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Gravity's Rainbow 万有引力之虹
Nie Shiwei 聂世伟 & Wang Lei 王垒


Curated by Alexandra Grimmer

Loft 8 Gallery, Radetzkystr. 4, 1030 Wien  

March 8 - March 22, 2024 | Wed - Fri 2 - 6pm, Sat 11am - 3pm

For the exhibition featuring Nie Shiwei and Wang Lei, the title was borrowed from Thomas Pynchon's novel Gravity's Rainbow (1973, Viking Press, USA). The protagonists of this fifth exhibition organised by the BMCA Collection at Loft 8 Galerie Vienna are two artists who both live in Beijing. Their works contain precisely the kind of dense energy and necessity that can be found in this particular city. Since the beginning of China's contemporary art scene in the early 1990s, Beijing has probably been its cultural centre, although regular upheavals, development plans and the proximity to the government complicate the work and associated projects, demanding energy and will from each individual.

Pynchon's books span a wide range of time periods and continents. Their theme can generally be described as the compulsion to make connections and the associated danger of paranoia. Just as vigilantly as the author gathers his arguments and offers his readers foresight, contemporary artists are expected to open up new horizons and an unprecedented perspective for the viewer.

Nie Shiwei's paintings, as well as the ceramic works he has created in recent years, do this in a very special way and with a completely different character to the parallel reality sought in Wang Lei's surreal objects and installations.

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Nie Shiwei often finds the starting point for his aesthetic in Italian Baroque painting. His paintings are based on the spatial and dynamic arrangement of the human body, which is embedded in a very special colour scheme. While he places his figures in a strange relationship of tension, it is never clear from their form whether they are in motion or whether this has been frozen into a tense pose. Both the interpretation of the bodies and the colouring characterise his painting and distinguish it from the work of other Chinese contemporaries.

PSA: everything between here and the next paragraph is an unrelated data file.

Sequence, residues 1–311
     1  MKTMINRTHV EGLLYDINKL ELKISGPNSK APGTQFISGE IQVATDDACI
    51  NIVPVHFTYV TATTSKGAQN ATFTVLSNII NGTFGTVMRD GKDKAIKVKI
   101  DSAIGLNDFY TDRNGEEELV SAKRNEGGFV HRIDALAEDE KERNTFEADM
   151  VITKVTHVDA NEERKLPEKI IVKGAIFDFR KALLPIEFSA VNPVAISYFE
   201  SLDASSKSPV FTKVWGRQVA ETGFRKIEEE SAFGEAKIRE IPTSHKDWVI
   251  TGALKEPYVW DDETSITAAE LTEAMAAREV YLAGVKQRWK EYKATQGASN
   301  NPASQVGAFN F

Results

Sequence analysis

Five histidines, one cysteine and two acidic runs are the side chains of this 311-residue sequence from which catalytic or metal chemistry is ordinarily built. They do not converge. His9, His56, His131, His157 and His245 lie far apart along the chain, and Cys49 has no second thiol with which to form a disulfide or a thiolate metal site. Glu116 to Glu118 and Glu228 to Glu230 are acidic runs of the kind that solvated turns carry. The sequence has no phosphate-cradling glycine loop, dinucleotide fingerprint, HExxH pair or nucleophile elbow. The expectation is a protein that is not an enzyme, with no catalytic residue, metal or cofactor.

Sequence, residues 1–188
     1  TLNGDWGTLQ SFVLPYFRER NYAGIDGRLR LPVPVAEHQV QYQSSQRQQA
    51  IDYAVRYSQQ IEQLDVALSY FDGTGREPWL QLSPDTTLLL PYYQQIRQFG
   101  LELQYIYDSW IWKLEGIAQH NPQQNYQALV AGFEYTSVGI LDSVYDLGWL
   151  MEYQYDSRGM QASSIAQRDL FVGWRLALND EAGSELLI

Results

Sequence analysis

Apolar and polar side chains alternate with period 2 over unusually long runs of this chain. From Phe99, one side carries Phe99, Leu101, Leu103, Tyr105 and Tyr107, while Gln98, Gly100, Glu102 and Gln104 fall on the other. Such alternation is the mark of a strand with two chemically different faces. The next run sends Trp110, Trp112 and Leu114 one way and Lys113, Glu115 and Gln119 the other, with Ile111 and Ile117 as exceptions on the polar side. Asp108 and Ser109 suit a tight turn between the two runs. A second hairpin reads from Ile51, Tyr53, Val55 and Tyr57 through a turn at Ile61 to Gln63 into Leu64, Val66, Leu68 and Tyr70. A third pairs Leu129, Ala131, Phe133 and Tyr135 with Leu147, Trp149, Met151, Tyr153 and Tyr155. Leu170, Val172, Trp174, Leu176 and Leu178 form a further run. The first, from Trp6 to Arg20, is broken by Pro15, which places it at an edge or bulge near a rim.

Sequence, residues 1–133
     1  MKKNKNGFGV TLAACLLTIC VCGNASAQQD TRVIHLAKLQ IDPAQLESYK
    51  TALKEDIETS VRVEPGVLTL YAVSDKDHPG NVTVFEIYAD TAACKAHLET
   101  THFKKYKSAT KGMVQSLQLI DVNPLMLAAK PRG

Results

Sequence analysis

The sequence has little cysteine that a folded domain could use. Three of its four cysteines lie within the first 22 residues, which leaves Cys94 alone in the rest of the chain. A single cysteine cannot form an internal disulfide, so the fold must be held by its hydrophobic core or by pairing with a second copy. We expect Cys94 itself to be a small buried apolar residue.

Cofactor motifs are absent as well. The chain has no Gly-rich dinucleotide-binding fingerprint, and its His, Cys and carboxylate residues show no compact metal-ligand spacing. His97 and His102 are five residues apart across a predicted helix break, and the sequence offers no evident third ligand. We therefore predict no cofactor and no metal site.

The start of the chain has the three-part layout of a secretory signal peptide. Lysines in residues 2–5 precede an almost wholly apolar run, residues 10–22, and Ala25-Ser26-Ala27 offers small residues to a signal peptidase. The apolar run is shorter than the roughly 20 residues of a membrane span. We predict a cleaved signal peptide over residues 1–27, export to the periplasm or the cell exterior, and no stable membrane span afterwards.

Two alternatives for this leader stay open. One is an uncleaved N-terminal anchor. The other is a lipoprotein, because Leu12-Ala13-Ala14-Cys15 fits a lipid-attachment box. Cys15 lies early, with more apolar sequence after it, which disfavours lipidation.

Just as Nie Shiwei's bodies are indecipherable, Pynchon's books have always moved in a haze of mystery, a mystery of which it remains unclear whether it actually corresponds to a decipherable fact.

In Wang Lei's work, it is forms and architecture that the artist, born in 1988, takes out of their usual context and transforms into objects of desire by slightly changing their character or appearance. Just as clay modulated capsules of poppy seed plants are given a silver patina after being cast in aluminium, the forms of ordinary factory buildings are moulded into minimalist sculptures in concrete. In no case does it remain with the respective appearance: the aim for the artist is always the arrangement of the forms in a very special spatial situation. Despite the deliberate use of ornamentation, Wang Lei creates spaces that lack personal character: his installations are empty places that require the viewer's active participation in order to get closer to their feeling and mood.


Just like Pynchon, Wang Lei also plays with a feeling of concentrated absence in his site-specific works, associating them with a mysterious fascination.

Just as the exhibition title, reflecting a Rainbow of Gravity spans an arc across multi-layered interpretations and views and thus represents a balance, the works by Nie Shiwei and Wang Lei suggest a certain stability in their message despite their different techniques and approaches.

Installation Views

Opening Event

Exhibition Preparation

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